Tag Archives: Friendsgiving

The post with all of the excuses.

The truth is, I have about five (okay, ten) posts in various forms of draft. The long weekend was going to be the weekend where I finally caught up and finished all of my recaps before starting yet another series.

You know what they say about the best laid plans.

What happened was this: the work week was brutal. Then, I was getting sick. And, please stop me from talking about the weather or this will be the most boring post that I’ve written in almost two years. You get the point, at any rate.

This week promises to be just as chaotic as the last—currently, my dresser is dismantled in my bedroom as I attempt to fix one of my drawers with hope and gorilla glue. And, tomorrow I have approximately 5 hours of meetings. So, to bed very soon. But I cannot let another week go by without finishing the recap of a meal that happened two months ago, and was already a month late.

Yeah, I know. Are you still with me here?

Cornbread Stuffing

This recipe is infinitely adaptable to accommodate a crowd. I’ve included the measurements that I used below. This served nine with leftovers that lasted for days. Feel free to scale it back or add more if necessary. The most important thing is adding the egg just before baking so that the stuffing has something to bind it.

1 loaf cornbread, cubed
1 2-lb loaf white bread, cubed
2 TBS olive oil
1 onion
8 oz roasted and shelled chestnuts
4 ribs celery, diced
2 apples, peeled cored and cubed
1 tsp thyme
2 cups vegetable or poultry stock
1 egg, beaten
salt and pepper to taste

Heat your oven to 250 degrees Fahrenheit. Heat the bread and corn bread approximately 25 minutes, until it is dried out but not browned. Set aside and then raise the oven temperature to 350 degrees Fahrenheit.

While the bread is heating, you should saute your vegetables. In a large skillet, heat the olive oil. Add in the onions and saute on a medium heat until they are translucent, adding salt and pepper to taste. This should take approximately five minute. Then add your celery, apples and thyme to the skillet, stirring. Heat for another 3-4 minutes, until the mixture is aromatic and the apples and celery have started to soften. Set aside to cool.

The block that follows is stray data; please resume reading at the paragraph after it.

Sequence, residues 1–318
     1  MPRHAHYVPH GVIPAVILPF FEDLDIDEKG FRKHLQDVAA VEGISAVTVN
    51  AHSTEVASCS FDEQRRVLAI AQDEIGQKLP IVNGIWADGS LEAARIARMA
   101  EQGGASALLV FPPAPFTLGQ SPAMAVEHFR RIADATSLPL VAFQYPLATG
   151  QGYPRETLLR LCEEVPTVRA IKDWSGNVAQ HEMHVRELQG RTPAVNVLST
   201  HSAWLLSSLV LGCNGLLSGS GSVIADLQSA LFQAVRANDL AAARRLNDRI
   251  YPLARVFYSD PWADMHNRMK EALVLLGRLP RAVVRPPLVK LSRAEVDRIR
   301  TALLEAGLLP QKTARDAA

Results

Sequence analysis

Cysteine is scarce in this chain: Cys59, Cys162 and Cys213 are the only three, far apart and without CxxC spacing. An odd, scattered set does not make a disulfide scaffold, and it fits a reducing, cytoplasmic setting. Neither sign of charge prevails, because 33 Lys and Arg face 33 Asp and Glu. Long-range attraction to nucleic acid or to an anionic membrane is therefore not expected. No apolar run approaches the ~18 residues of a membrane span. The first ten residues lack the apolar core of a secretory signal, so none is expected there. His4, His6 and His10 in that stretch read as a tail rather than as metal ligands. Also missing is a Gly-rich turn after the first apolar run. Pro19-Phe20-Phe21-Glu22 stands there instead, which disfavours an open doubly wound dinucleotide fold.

In a large bowl, combine the cooled bread, vegetables and the chestnuts. Add the stock a half a cup at a time, until the entire mixture is moist but not soggy. Stir to combine, then add in the beaten egg.

Transfer the stuffing to an oven safe serving dish and cook at 350 degrees Fahrenheit for 45 minutes.

Serves twelve

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In case you were wondering

As far as I’m concerned, there’s a reason that classic cocktails remain classics.

Give me a good Manhattan any day and I’m a happy girl.

However, it should come as no surprise to any of you that I like discovering the old gems. Sometimes this gets me into trouble. I once asked a barman for something different and was given what I was told was a lost cocktail from the 1920s: The Bone—a combination of bourbon, lemon juice, and Tabasco. In theory, it should have been delicious, the bourbon taking the edge off of the acidic punch of the lemon finished with heat that rounded out each sip, keeping it balanced. In practice, it reminded me of the concoctions that my sister and I used to create when we were young for the sole purpose of seeing what would freeze. In case you were wondering, nothing with plain M&Ms ever did. I’m still not sure why.

The Bone also made me wonder how our tastes had evolved in the last century.

That’s the thing about cocktails—they’re tricky to get just right.

When it came to making my own for Friendsgiving, I wanted to go simple—first because I still hadn’t gotten over my infusion kick, and I wanted the flavors of the vodka to really shine. And, secondly, because, with a house full of guests who were getting hungrier by the minute (please refer to my inability to serve dinner before 9 pm), it had to be quick to prepare.

This one hits all the right marks, although I suspect that the vodka would be equally delicious with some apple cider and cinnamon. It’s something to try next year, anyway. So is remembering to take a photo of said cocktail.

Apple Cranberry Vodka
750 ml vodka1 cup fresh cranberries
1 apple, peeled, cored and diced
Crush the cranberries and place them at the bottom of an infusion jar. Add the apples to your infusion jar. Top with vodka, and allow to infuse in a cool, dark place for at least 5-7 days. You can leave it longer, but remember to shake the jar periodically as the vodka is infusing throughout the process. Once the infusion is ready, strain the cranberries and apples out of it from it, using either cheese cloth or a coffee filter. Return the vodka to a serving container.

Friendsgiving Cocktails
1 oz apple cranberry vodka
7 oz ginger ale
Frozen Cranberries (or, ice)

In a large glass, combine vodka and ginger ale. Garnish with frozen cranberries.

Makes One

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This one uses lotsa butter

We’re under a week away from all of the “New Year, New You” messaging, telling us to cut back, lose weight and use all sorts of fat substitutes, so I’ll just get on with it.

The reason that this turkey is so good is butter, plain and simple.

You use a whole stick of it.

Before you judge me, know this: nothing good ever came from promises of no fat and no calories (with the notable exception, in my book, of Diet Coke). So, enjoy it. And, give me credit for not also covering the turkey breast with bacon, as a dear friend of mine had suggested.